Other symptoms associated with SIBO include improved bowel movements after taking antibiotics and the worsening of bowel problems after consuming fiber or taking probiotics. Bowel problems that begin after taking opiates for pain also suggest the presence of SIBO.
These excessive bacteria also inhibit enzymes in the small bowel that breakdown complex starches in consumed food into simple sugars that can be absorbed by the body. They also consume nutrients like vitamin B-12, iron and fats and can even cause nutrient deficiencies and a decline in general health.
SIBO also leads to an increase in the production of a hormone known as zonulin which increases the permeability of the small intestines, a condition which is also known as leaky gut syndrome. The absorption of abnormally large protein molecules in this condition leads to problems in the immune system like autoimmune disorders, allergies and asthma.
IS SIBO IBS in Disguise?
The diagnosis of IBS is often made after persons with diarrhea or constipation test negative for conditions like celiac disease and Crohn’s disease and have endoscopies, colonoscopies that do not reveal the cause of their symptoms.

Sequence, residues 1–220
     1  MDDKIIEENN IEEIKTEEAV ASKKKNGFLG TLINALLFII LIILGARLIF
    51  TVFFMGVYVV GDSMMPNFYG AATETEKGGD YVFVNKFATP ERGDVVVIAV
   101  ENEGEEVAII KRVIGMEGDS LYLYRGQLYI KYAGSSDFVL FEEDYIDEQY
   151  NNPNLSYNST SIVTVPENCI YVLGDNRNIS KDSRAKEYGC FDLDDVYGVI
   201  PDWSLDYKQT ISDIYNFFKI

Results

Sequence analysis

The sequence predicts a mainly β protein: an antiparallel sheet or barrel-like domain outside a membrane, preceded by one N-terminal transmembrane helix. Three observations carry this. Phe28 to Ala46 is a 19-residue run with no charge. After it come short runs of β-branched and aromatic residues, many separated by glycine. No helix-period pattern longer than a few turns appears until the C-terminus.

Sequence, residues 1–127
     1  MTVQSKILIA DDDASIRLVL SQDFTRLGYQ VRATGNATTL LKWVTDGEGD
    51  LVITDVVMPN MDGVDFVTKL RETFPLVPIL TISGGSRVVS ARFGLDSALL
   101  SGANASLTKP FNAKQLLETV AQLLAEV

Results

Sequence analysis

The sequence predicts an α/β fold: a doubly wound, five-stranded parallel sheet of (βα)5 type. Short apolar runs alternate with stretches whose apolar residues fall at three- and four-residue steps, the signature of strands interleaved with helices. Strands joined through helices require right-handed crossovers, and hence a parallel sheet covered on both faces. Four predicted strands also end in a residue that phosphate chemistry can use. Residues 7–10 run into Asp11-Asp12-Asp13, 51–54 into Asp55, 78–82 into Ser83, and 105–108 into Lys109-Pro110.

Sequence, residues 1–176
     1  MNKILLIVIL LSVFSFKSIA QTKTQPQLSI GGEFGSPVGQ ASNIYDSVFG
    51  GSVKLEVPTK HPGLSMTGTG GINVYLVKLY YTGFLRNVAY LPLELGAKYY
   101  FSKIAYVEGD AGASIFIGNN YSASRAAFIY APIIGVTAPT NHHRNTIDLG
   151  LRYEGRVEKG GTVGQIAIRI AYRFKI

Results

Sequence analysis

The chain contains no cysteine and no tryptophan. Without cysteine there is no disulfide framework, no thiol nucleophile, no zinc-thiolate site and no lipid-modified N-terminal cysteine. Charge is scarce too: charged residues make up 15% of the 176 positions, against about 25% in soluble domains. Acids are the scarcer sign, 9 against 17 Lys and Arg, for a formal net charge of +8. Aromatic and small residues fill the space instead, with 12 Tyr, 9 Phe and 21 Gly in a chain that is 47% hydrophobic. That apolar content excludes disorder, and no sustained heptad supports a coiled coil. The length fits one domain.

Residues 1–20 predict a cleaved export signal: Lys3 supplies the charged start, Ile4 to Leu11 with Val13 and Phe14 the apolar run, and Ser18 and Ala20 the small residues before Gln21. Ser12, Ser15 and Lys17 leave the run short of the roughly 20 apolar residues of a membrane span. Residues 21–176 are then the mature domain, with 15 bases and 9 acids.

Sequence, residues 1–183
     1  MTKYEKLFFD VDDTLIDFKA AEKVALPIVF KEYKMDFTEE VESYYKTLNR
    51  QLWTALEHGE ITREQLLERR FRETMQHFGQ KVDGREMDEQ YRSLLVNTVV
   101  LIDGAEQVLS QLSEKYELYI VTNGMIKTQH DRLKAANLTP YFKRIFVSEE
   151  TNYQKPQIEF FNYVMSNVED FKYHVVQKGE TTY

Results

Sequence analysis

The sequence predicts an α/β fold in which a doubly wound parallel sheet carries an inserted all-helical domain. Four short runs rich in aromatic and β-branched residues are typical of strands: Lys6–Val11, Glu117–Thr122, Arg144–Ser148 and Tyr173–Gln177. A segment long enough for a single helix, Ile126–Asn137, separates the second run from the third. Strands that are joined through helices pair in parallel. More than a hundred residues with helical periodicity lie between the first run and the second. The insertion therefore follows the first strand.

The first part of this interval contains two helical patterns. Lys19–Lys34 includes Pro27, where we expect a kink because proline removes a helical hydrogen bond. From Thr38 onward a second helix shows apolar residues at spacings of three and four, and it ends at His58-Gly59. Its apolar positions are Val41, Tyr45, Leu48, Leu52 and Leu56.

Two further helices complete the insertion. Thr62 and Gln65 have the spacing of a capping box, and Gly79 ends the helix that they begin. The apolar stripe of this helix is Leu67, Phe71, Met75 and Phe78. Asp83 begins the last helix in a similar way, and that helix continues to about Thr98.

SIBO researchers approximate that around 35-50% of the general public have SIBO. However since it is not often tested or properly diagnosed, many persons with SIBO assume they have Candida or yeast infection.
Making the diagnosis of SIBO is not easy since it is difficult to get bacterial culture from the small intestines. Other tests that can be done include the hydrogen breath test in which the patient drinks a glucose or lactose solution and samples of their breath are collected. These tests must be ordered by a doctor and the lactose test is more accurate than the glucose one.
Symptoms of leaky gut include having an autoimmune disorder, multiple joint pains, depression, chronic fatigue, allergies, long standing skin conditions and general malaise which is feeling of not being well.